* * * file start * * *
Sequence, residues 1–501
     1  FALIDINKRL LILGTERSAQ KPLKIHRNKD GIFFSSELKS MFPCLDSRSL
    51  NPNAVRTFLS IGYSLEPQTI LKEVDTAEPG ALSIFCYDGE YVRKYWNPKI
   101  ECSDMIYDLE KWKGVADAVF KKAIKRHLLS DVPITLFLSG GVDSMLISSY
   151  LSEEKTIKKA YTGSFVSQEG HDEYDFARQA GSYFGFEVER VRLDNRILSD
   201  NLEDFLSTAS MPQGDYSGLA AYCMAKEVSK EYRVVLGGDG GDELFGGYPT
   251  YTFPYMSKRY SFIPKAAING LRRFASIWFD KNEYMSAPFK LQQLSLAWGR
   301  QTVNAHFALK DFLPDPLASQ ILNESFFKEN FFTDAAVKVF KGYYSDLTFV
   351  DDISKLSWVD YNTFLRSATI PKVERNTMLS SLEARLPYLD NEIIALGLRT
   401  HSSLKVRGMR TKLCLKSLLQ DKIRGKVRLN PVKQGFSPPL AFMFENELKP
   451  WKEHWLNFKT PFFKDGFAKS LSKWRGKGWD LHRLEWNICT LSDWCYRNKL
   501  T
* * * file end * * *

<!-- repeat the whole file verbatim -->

Sequence, residues 1–501
     1  FALIDINKRL LILGTERSAQ KPLKIHRNKD GIFFSSELKS MFPCLDSRSL
    51  NPNAVRTFLS IGYSLEPQTI LKEVDTAEPG ALSIFCYDGE YVRKYWNPKI
   101  ECSDMIYDLE KWKGVADAVF KKAIKRHLLS DVPITLFLSG GVDSMLISSY
   151  LSEEKTIKKA YTGSFVSQEG HDEYDFARQA GSYFGFEVER VRLDNRILSD
   201  NLEDFLSTAS MPQGDYSGLA AYCMAKEVSK EYRVVLGGDG GDELFGGYPT
   251  YTFPYMSKRY SFIPKAAING LRRFASIWFD KNEYMSAPFK LQQLSLAWGR
   301  QTVNAHFALK DFLPDPLASQ ILNESFFKEN FFTDAAVKVF KGYYSDLTFV
   351  DDISKLSWVD YNTFLRSATI PKVERNTMLS SLEARLPYLD NEIIALGLRT
   401  HSSLKVRGMR TKLCLKSLLQ DKIRGKVRLN PVKQGFSPPL AFMFENELKP
   451  WKEHWLNFKT PFFKDGFAKS LSKWRGKGWD LHRLEWNICT LSDWCYRNKL
   501  T